However, if you have watched the US play in the past several years, you know the "no soul" knock is completely unfounded. It's a fiery team with grit that came this close to knocking off mighty Brazil in the Confederations Cup finals in 2009. Last year's World Cup run in South Africa was marked by explosive plays, passionate leadership and last second comebacks that had fans believing that the gap between US soccer and the rest of the world was closing.
The Brilliance of #RedAllOver
Ok... back to the #RedAllOver campaign - Nike's call to write a motto that would become a semi-official slogan of the team was not simply a cool giveaway but a chance for fans to inject passion and heart into a team that could benefit from a more recognizable identity. Nike leveraged the mechanics of Twitter by mandating that all motto submissions be sent with the hashtag #RedAllOver. Within hours, the campaign was a trending topic. It's important to note that a topic trends much faster if it is focused around a particular hashtag (and if you have the follower base that Nike has!).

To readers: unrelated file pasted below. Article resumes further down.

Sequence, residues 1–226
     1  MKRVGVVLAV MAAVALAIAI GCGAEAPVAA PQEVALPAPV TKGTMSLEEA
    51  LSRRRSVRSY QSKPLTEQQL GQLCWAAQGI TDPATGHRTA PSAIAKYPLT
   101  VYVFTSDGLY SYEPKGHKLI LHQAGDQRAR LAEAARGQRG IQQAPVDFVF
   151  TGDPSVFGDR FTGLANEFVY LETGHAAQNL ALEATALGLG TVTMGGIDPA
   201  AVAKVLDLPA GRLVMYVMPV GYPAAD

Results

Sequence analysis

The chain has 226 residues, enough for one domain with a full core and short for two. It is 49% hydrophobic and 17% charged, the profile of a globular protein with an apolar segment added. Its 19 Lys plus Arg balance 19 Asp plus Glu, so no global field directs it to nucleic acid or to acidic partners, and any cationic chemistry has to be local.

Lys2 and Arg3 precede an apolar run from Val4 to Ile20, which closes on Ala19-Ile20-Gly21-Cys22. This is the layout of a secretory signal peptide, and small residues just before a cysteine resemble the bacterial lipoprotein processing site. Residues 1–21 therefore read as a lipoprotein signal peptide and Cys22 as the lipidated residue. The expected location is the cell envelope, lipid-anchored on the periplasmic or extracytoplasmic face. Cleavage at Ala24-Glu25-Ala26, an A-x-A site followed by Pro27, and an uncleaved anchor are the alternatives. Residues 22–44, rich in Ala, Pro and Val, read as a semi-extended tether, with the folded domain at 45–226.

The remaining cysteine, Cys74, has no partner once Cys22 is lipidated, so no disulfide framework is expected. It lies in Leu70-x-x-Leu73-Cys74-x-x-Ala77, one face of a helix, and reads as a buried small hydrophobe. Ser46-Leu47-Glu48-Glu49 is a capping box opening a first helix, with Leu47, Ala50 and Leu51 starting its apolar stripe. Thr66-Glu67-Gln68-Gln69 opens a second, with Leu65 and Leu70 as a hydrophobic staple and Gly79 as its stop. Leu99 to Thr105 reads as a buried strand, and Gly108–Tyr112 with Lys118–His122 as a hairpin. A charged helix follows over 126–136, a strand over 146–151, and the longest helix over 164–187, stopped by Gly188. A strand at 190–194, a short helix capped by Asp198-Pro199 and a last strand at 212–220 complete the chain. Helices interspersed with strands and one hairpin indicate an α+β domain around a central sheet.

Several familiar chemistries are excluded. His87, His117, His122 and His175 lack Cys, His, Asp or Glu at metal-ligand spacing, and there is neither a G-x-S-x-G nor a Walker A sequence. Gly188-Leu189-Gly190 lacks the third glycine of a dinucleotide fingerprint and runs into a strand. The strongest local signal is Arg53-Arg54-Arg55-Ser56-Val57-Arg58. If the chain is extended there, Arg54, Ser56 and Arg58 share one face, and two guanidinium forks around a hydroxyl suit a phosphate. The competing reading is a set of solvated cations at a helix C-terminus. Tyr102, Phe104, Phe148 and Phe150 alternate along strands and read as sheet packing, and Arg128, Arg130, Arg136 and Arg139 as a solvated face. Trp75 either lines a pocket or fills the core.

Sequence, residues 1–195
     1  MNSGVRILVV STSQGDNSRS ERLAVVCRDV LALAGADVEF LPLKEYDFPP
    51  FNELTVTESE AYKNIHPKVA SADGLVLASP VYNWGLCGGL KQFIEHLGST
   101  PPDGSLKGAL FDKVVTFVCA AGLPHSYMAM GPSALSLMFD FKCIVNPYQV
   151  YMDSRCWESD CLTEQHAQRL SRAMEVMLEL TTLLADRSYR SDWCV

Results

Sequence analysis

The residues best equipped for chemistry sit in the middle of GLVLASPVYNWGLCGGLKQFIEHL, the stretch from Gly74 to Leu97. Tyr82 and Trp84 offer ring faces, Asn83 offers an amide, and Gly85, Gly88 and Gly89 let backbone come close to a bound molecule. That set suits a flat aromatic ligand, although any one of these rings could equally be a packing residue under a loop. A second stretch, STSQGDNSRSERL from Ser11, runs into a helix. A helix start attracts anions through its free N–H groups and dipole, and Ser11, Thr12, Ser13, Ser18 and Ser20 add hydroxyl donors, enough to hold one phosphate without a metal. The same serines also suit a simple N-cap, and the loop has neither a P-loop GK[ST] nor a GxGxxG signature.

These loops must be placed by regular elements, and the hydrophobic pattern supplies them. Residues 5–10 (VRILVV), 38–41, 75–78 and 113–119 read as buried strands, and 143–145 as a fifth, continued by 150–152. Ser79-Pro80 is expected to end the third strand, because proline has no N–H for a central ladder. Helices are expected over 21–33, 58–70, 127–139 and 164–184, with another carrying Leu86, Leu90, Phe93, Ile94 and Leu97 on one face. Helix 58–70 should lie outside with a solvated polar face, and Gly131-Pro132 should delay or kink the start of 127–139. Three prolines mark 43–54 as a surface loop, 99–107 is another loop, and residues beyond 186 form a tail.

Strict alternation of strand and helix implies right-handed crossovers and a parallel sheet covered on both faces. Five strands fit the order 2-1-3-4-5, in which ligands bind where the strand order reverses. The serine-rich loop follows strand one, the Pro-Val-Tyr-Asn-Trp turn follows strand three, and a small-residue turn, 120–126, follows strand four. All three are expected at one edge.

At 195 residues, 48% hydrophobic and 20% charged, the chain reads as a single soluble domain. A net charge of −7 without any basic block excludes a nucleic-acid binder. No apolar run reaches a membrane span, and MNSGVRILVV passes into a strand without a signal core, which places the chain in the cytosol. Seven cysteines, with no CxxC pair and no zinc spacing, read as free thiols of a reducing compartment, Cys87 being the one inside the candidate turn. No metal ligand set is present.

In order to maintain the momentum of the campaign, Nike scheduled events leading up to the match with Argentina. They setup a #RedAllOver photo booth in Times Square where supporters could have their picture taken with some US soccer swag and easily tweet the photos (with the #RedAllOver hashtag, of course). Several days after the initial announcement, the jersey itself was actually revealed (by the way, Nike has some of the best product photos of any retailer I've seen), and on the day before the match, Nike teamed up with US Soccer and announced via Twitter that they were giving away one of the new red jerseys to the first person who could find Jay DeMerit (Defender) in Times Square. This led to a flurry of comical tweets from folks either looking for DeMerit or who wanted buddies in New York to find him for them. Of course, every single one of these tweets was tagged with #RedAllOver. The end result was a campaign that trended consistently over the course of a week - a veritable social media miracle.